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Art and Graphic Design

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a stack of scholarly journals on a table, including the Journal of Interactive MarketingAlso known as "Scholarly Articles," "Peer-Reviewed Articles," or "Academic Articles" or "Research Articles," these are

  • Written and reviewed by scholars and provide new research, analysis, or information about a specific topic.
    • "Peer review" means the article is approved by other experts before publication
  • Usually focused on a narrow subject or a single case study
  • Intended for an academic audience

Find Articles: 

Books on a shelf and a person reading on a kindle Unlike journal articles, books:

  • Are written on a broader, general subject
  • May contain a collection of related chapters by different authors
  • Contain less recent information

You may only need to read one chapter of a scholarly book! Find relevant information quickly by reviewing chapter titles or checking the index (back of the book). 

Find Books 

A laptop displaying Stonewall Uprising, a video on the Kanopy databaseAudio/visual resources are available in physical formats in the library (DVDs, Blu-rays, CDs) and digital formats (streaming video). 

For your assignments, we recommend using library resources rather than general YouTube videos to ensure you are using credible sources. 



Find Audio/Visual Resources

Exhibition Catalogs 

Exhibition catalogs (or catalogues) share the works included art exhibits via a printed volume. They often include critical commentary or essays about the exhibition and provide context for the individual works as well as the exhibition as a whole. 

Artist Catalogs 

Artist catalogs are volumes that share the work of an artist. These could be limited by timeframe, location, topic, etc or attempt to be comprehensive. Editions the include the complete works of an artist are called catalogue raissonés. They can include essays about the artist's work or career or even interviews with the artist.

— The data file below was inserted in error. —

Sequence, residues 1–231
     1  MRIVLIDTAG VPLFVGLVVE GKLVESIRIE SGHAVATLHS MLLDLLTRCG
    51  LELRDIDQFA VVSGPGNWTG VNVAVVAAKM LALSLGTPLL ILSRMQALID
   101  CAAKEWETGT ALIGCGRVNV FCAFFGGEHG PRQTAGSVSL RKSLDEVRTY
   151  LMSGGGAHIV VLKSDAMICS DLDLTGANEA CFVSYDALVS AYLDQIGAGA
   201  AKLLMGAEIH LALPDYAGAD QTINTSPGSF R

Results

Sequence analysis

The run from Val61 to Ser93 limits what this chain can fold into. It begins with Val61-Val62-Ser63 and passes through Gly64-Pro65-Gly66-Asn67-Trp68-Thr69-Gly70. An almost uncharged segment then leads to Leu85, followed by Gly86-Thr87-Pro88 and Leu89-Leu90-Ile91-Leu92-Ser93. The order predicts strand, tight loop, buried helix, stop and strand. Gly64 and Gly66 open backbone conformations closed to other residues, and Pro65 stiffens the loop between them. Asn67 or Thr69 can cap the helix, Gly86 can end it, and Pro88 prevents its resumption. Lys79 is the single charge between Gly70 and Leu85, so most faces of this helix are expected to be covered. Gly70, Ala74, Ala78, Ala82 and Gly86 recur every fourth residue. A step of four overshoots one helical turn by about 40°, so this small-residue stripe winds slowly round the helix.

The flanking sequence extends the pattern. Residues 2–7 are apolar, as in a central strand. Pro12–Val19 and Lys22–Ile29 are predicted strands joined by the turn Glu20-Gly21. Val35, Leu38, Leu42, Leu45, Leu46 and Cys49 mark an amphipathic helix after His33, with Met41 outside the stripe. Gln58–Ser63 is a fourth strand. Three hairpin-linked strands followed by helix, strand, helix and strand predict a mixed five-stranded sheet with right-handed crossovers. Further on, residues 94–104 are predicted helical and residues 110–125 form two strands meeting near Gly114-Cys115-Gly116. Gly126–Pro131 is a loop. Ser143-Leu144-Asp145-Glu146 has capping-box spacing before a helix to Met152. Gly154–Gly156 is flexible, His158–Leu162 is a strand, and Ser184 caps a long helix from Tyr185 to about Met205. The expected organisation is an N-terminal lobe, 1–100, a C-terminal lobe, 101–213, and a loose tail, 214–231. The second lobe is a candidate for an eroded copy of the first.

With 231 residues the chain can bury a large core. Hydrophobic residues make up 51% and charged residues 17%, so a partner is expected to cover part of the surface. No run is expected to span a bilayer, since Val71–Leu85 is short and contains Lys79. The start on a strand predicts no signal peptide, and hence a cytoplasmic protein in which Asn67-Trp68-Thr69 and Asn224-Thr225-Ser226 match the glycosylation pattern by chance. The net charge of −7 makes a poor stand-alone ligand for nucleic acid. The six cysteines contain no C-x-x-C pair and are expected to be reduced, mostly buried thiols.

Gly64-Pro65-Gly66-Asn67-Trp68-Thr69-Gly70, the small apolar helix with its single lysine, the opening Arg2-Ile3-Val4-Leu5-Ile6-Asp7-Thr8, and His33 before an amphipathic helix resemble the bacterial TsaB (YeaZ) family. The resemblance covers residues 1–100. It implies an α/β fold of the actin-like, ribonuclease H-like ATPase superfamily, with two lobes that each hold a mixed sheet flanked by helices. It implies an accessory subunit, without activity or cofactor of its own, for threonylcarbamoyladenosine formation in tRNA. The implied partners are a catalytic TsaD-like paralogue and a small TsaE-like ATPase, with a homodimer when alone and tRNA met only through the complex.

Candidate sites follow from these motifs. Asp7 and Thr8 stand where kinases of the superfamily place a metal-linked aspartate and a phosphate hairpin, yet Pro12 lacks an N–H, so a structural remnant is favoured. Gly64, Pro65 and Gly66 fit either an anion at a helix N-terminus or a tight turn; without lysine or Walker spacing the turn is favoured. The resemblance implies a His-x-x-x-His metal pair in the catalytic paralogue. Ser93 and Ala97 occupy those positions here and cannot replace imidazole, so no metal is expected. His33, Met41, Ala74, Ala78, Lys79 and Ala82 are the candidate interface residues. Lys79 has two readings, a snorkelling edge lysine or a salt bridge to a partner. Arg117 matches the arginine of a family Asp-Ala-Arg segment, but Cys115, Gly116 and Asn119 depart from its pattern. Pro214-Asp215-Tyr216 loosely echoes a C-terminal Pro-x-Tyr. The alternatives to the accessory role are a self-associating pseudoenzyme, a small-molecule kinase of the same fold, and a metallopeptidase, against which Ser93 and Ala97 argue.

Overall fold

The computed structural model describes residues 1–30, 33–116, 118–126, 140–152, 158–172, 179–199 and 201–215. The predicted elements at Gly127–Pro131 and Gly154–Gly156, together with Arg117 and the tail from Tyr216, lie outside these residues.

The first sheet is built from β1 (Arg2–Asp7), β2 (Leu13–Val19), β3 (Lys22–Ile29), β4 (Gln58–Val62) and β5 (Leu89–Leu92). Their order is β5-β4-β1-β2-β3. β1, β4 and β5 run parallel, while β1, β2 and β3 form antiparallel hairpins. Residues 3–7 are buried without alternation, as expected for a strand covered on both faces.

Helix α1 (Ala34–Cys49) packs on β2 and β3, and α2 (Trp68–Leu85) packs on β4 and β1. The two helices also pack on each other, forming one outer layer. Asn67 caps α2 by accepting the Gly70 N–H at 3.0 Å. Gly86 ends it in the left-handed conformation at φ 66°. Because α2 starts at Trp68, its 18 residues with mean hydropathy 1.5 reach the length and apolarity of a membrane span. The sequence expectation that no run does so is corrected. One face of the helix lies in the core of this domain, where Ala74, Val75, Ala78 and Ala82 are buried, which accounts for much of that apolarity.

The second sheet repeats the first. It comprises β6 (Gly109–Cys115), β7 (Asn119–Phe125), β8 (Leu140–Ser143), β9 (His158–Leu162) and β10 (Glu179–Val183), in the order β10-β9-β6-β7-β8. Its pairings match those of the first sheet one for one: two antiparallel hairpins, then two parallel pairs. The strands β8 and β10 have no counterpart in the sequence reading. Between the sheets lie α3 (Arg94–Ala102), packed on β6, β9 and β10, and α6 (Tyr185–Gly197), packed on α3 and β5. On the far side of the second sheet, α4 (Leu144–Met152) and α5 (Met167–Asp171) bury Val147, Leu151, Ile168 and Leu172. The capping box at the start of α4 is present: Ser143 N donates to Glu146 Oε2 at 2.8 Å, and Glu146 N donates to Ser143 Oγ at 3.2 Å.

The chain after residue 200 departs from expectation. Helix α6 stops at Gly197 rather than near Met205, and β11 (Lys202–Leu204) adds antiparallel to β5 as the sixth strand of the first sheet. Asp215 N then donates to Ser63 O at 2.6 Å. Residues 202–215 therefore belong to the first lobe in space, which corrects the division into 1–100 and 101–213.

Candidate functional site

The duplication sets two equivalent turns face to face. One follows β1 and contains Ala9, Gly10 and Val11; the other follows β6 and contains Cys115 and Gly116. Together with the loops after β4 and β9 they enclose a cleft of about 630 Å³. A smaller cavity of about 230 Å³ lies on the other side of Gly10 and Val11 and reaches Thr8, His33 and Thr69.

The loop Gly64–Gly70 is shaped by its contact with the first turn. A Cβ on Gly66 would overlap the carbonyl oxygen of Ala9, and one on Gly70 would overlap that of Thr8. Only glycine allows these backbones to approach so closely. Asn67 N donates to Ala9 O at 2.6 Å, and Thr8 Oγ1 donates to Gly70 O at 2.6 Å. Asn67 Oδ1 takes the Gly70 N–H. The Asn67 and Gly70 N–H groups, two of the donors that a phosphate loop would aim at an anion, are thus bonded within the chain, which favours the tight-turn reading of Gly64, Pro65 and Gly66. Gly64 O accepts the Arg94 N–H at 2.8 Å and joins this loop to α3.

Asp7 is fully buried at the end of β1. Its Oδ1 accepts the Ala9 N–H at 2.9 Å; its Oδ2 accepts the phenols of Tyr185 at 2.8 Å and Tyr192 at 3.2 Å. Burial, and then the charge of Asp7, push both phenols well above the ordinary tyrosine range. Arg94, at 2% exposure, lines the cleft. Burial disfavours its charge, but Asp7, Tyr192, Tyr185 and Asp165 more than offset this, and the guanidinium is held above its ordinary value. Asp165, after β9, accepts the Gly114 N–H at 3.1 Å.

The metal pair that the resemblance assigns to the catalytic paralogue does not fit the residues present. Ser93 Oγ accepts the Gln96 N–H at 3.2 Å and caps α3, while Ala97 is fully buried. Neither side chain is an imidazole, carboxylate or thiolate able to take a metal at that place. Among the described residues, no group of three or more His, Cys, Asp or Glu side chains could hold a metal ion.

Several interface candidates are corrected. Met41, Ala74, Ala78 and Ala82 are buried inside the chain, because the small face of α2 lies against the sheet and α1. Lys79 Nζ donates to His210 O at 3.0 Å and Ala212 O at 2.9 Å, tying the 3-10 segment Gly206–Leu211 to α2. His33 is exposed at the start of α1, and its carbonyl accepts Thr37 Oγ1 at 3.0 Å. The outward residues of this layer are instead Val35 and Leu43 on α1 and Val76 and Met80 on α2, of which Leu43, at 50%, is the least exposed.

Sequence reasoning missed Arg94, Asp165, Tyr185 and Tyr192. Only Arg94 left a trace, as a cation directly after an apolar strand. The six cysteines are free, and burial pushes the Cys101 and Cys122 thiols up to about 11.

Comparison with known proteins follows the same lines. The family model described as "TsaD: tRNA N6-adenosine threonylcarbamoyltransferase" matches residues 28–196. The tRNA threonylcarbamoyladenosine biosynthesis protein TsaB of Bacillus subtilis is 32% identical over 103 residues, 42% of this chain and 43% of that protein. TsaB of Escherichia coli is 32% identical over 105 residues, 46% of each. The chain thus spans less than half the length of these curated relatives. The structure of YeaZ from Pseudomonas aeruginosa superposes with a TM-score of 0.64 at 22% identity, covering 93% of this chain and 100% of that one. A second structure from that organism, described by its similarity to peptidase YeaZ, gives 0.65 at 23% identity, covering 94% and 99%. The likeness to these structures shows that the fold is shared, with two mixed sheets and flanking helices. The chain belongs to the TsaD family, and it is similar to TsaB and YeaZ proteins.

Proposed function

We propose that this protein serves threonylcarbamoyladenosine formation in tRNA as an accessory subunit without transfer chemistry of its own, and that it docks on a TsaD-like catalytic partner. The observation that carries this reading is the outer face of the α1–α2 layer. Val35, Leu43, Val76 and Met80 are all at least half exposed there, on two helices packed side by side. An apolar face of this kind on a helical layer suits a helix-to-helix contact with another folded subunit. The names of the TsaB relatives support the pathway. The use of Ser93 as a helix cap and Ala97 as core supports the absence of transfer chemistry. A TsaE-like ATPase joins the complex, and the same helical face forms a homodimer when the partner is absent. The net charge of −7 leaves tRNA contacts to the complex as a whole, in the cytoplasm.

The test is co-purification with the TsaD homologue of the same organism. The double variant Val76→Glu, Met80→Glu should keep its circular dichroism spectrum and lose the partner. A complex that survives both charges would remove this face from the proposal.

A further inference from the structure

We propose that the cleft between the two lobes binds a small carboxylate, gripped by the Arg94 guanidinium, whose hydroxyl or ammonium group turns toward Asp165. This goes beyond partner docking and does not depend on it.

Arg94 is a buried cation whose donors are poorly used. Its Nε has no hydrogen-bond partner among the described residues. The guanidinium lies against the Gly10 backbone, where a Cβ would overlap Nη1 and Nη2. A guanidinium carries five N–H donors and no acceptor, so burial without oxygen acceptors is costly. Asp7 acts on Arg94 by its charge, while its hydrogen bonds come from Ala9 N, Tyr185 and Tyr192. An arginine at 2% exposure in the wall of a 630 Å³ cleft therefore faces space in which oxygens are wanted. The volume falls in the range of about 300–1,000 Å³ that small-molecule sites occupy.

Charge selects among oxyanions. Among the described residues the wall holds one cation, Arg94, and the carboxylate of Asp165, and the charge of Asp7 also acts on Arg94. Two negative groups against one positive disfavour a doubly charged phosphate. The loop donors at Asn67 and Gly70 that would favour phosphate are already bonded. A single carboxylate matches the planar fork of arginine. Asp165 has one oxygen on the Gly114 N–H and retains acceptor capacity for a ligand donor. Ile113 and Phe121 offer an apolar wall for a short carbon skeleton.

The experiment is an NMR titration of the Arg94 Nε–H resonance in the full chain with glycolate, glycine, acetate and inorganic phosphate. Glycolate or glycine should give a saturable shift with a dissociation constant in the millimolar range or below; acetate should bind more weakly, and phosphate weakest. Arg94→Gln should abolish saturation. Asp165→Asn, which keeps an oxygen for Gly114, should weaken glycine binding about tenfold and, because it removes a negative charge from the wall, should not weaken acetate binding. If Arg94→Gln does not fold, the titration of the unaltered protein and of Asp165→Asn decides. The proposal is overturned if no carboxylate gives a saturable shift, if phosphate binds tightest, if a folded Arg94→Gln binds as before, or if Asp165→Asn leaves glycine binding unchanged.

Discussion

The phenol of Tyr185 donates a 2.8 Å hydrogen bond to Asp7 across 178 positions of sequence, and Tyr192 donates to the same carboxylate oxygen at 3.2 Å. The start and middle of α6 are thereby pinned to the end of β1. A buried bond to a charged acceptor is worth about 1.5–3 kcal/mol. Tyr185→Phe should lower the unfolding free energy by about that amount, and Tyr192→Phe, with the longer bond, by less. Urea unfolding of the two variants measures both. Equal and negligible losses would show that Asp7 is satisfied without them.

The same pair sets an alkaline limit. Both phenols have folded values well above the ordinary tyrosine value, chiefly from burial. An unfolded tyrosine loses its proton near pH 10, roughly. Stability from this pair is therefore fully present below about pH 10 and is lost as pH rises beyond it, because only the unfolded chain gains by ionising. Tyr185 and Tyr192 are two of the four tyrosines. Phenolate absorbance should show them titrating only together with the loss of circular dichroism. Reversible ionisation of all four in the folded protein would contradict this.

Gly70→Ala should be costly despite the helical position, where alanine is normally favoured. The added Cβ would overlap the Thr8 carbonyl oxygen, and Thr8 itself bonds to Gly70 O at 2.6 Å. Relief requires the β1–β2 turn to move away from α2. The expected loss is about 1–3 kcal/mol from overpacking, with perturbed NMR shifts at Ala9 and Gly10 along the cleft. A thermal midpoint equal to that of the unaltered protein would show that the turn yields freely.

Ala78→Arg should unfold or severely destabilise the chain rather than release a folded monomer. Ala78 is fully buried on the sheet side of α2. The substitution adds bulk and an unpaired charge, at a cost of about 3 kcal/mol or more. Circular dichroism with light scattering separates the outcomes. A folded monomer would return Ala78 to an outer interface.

Collection Catalogs 

Collection catalogs depict the holdings of a gallery, museum, or collection within one of these cultural heritage organizations.

You've probably used the Google search engine hundreds if not thousands of times—but did you know with a few simple commands, you can take control of Google? 


Use quotes to require a word or phrase be present somewhere in the search results. In this search, the phrases "climate change" and "infectious diseases" must appear somewhere in the search results. 

Google search for climate change and infectious diseases in quotes



Use the minus sign directly in front of and against a word for it to not appear in your search results. In this search, the phrase "animal cloning" must appear in the search results and the word "sheep" cannot show up in the search results. 

Google search for animal cloning in quotes and sheep with a minus sign in front of the word



Use the intitle: command to limit to search results with a specific keyword or phrase in the title of the web page. In this search, "microplastics" must appear somewhere in the search results and "Baltic Sea" must be in the title of the search result. 

Google search with microplastic in quotes and the phrase Baltic Sea after the intitle: command



Use the site: command to limit to a certain website or type of websites. Find credible websites quickly by using the command to limit to education websites and command to limit to U.S. Government websites. In this search, Google will limit to U.S. government websites with the phrase "information literacy" in the title of the search result. 

Google search with the phrase information literacy in quotes and a site command for .gov websites